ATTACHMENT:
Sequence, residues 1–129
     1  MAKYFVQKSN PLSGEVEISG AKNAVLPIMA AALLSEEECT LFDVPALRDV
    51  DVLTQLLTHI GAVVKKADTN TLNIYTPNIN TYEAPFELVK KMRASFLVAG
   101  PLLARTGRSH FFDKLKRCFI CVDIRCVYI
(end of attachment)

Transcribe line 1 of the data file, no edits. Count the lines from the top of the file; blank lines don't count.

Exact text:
Sequence, residues 1–129